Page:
Alain Badiou, Deleuze, Hans-Jurg Rheinberger, Toward a History of Epistemic Things

Minor note on the newness of the new beyond/below Badiou

While reading Hans Jürg Rheinberger’s already seminal Toward a History of Epistemic Things – he is becoming something of a hero to me these days – I couldn’t prevent myself from constantly highlighting the Badiouian touch of his arguments. That is, I was struck by the fact that so many of Badiou’s themes (at least those which could be consider his most important; everything between and inside the mathematics of being and the laws of appearing) come to the fore when Rheinberger discusses what he calls an ‘epistemology of time’ that is to answer the question how – in the context of scientific experimentation – we can speak of history without invoking origins and grounds. As he formulates it: ‘Are they looking at a past that is the transformation of another, foregoing past? Or are they looking at a past that is the product of a past deferred, that is, of a future present?‘ (p. 176).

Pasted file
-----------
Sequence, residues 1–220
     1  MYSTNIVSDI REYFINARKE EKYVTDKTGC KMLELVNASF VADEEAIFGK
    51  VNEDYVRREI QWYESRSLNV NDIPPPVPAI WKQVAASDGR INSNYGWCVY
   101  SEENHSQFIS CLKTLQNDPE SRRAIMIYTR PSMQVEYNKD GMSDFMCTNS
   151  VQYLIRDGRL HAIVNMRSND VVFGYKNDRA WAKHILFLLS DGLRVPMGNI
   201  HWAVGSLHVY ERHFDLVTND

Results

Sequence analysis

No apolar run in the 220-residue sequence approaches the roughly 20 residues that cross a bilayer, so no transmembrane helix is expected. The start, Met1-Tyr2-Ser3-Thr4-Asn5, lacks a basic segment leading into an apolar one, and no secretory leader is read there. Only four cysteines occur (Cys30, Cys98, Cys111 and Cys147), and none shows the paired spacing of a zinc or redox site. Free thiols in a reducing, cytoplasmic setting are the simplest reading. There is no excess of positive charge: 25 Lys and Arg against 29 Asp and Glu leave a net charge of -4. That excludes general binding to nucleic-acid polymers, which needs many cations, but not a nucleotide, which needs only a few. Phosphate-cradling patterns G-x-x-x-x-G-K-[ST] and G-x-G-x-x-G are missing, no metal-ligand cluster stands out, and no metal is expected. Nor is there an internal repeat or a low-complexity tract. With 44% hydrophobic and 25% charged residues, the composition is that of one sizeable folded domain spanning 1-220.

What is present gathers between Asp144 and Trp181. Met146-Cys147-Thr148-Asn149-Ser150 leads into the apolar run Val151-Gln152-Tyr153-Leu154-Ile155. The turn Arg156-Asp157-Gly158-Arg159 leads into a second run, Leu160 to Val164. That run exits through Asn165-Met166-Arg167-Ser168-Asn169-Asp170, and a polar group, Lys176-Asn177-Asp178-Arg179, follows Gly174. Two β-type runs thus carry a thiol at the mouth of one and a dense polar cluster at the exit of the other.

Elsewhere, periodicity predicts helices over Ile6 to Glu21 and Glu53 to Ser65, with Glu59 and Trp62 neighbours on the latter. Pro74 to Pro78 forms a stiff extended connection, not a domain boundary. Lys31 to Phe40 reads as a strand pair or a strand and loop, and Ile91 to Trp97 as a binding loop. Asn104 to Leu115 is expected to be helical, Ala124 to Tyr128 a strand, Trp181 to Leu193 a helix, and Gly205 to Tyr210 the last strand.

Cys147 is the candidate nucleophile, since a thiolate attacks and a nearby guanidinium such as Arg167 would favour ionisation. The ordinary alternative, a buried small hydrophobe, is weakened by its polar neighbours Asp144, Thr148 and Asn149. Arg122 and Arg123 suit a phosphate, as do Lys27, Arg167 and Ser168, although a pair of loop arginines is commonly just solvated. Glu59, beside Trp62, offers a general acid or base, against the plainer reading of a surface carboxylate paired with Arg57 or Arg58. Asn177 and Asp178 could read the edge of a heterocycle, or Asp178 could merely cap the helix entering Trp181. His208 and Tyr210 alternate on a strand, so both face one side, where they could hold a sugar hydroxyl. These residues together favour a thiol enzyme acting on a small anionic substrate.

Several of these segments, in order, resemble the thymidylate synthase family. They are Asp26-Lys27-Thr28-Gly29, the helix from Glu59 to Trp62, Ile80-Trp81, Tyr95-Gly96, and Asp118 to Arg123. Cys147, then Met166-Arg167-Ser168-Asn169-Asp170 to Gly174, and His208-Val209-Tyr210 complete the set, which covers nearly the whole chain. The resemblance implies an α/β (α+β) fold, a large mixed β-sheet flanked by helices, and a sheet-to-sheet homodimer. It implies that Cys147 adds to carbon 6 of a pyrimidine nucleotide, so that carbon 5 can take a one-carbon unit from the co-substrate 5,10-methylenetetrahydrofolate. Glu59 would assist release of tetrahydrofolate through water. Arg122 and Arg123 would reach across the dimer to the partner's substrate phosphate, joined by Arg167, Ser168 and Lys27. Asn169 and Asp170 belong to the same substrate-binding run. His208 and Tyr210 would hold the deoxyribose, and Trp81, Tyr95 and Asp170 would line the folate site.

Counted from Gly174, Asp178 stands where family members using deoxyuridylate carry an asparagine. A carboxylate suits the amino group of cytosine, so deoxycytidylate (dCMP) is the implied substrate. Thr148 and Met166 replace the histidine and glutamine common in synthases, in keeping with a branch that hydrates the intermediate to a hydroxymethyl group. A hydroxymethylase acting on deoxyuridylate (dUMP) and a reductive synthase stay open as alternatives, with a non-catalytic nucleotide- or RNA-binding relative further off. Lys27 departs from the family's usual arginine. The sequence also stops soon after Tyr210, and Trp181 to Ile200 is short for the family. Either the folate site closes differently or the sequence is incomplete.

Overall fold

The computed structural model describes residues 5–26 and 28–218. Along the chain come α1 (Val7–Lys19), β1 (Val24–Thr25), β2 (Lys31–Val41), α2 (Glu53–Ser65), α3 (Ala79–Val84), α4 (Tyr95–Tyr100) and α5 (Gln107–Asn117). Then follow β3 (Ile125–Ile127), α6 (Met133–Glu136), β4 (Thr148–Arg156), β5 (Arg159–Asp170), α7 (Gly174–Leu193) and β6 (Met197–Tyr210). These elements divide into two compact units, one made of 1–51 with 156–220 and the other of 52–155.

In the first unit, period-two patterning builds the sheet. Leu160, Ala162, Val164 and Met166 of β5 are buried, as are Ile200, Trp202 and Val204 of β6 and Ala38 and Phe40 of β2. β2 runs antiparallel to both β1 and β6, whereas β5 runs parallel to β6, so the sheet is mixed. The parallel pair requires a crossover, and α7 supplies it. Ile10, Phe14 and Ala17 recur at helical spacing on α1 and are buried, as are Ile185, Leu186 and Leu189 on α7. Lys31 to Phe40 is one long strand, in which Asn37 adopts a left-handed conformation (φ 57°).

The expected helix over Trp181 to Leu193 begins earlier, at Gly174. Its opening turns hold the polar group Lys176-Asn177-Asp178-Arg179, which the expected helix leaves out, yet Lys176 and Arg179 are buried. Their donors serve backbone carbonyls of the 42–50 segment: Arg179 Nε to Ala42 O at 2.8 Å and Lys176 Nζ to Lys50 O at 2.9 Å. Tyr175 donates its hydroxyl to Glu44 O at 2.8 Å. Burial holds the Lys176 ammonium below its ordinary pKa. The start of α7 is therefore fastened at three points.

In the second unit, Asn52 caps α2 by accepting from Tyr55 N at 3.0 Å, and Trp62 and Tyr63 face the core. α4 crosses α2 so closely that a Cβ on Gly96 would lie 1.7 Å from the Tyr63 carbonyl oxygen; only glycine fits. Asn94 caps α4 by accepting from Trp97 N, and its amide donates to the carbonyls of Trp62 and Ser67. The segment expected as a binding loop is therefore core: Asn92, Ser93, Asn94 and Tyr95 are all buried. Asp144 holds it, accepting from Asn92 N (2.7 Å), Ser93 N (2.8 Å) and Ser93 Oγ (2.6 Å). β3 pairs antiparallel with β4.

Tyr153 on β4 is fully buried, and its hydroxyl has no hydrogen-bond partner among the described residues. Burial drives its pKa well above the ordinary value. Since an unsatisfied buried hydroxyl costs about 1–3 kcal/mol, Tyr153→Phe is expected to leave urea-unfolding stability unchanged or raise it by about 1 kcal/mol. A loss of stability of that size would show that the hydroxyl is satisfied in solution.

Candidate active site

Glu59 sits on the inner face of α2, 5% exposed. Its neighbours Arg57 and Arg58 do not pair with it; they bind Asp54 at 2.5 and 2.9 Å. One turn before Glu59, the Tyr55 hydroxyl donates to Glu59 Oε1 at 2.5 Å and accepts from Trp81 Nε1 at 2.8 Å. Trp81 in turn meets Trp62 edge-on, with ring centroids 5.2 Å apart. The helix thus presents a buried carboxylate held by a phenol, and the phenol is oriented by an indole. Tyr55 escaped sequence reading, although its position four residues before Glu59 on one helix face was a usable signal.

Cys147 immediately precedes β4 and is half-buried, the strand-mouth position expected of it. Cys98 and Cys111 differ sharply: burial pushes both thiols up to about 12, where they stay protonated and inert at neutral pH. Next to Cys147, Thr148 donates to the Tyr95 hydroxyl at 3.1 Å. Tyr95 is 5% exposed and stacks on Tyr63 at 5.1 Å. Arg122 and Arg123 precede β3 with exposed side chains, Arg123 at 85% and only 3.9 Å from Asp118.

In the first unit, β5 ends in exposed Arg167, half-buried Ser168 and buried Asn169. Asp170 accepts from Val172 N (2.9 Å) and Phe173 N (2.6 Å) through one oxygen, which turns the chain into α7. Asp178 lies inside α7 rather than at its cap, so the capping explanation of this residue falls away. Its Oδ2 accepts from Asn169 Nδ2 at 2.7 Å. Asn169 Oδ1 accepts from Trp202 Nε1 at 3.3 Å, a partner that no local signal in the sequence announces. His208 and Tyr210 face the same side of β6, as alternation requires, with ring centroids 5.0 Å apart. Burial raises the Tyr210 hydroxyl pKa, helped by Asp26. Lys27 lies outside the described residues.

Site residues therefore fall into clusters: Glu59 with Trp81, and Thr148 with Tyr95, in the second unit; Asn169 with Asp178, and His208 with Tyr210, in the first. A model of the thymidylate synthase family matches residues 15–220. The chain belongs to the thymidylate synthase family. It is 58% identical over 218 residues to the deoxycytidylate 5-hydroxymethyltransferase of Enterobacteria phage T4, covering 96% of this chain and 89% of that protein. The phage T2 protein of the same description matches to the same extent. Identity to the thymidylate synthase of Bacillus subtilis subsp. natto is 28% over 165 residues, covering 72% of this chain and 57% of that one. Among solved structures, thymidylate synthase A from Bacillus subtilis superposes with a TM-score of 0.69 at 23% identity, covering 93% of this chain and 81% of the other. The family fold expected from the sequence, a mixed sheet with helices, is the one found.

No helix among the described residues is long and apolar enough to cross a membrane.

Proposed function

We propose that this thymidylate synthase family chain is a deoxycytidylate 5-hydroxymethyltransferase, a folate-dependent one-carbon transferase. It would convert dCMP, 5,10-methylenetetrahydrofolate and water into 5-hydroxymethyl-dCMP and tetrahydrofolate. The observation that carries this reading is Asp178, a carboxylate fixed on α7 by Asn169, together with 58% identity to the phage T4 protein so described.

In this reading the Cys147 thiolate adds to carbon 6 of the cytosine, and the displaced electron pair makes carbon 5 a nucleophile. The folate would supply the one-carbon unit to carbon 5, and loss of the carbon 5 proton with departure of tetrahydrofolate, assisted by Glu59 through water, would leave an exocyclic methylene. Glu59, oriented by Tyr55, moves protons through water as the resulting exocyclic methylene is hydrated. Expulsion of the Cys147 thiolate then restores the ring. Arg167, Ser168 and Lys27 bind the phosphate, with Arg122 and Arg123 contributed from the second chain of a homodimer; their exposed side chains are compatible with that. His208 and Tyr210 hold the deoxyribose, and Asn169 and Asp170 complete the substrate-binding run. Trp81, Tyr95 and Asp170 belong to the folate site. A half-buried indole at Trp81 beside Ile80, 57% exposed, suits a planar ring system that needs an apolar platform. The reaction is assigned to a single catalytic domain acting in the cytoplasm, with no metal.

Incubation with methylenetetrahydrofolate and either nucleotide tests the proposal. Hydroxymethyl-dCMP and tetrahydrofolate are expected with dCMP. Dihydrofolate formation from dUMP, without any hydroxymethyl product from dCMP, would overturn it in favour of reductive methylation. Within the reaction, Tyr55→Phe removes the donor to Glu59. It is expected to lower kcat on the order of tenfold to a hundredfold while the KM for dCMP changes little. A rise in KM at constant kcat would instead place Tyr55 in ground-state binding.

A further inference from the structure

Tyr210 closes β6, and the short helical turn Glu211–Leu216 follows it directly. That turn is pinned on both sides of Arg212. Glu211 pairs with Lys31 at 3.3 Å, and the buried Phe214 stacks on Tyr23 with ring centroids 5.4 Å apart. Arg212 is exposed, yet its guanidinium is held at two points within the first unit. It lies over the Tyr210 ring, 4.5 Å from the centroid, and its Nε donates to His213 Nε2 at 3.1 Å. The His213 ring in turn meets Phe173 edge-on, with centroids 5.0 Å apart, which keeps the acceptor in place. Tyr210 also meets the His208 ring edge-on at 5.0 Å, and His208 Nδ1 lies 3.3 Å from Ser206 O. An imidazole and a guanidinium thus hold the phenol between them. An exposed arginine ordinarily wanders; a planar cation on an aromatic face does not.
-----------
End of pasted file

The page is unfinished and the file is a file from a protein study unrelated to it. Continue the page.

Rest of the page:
His task is more than debunking Whiggish accounts of the history of science; it is to describe the microdynamics of scientific activity on the basis of the assertion that at the point of the emergence of the new (in scientific experiments), the new is not the new, but ‘becomes a novelty only by a transformation which makes it a trace of something to which it has given rise’. The radicalism of these questions became clear to me, since they move beyond a traditional Kuhnian frame that is – dispite obvious differences – quite like Badiou’s logic of ruptures and immanent breaks. To put it differently; they indicate that what Badiou localizes on the scale of the absolute (Truth, Eternity) is actually happening in the rather artificial, dirty and vibrant practices of experimental science. Even more interesting is the fact that Rheinberger discusses the newness and emergence of the new in terms of the problematic of its conditions – something that, at least as far as I can see, still haunts Badiouian ontology given the character of his examples of what he calls Events (Mao, Schönberg etc.). Consider, for instance, the following; ‘[the] new [..] can be approached only in the mode of a future perfect. Of course, we may try to unearth the conditions of their emergence. But these conditions, and so the new, seem accessible only by way of a recurrence that requires the existence of a product as a prerequisite for assessing the conditions of its production’ What Rheinberger most vigorously stresses is the consequences this has for notions of (the linearity etc.) of time in relation to scientific objects; he introduces – following Prigogine – a notion of ‘operational’ time to indicate that objects do not reside or develop inside time, but fold a certain scheme of time around itself. As an example he remarks that ‘the age of the system [of the time an object folds around itself] is measured by its capacity to produce differences that counts as unprecedented events [..] Thus we end up with a field of systems of time that has a rather complex time structure, or shape of time. The systems or reproductive series retain their own ‘ages’ as long as they differentially replicate’. Obviously, this reinvokes the debate between Deleuzian and Badiouan accounts of time – discusses, for instance, by Sam Gillespie. What matters to me is that Rheinberger’s take allows for a much more micro-immanent account of the way in which the new has a history – an account of the ‘time of the new’. He himself tries to trace and follow the traces of the object that will be transformed and create through their action (their ‘shifting and drifting’) the origin of their nonorigin. ‘The after becomes constitutive of the before’.

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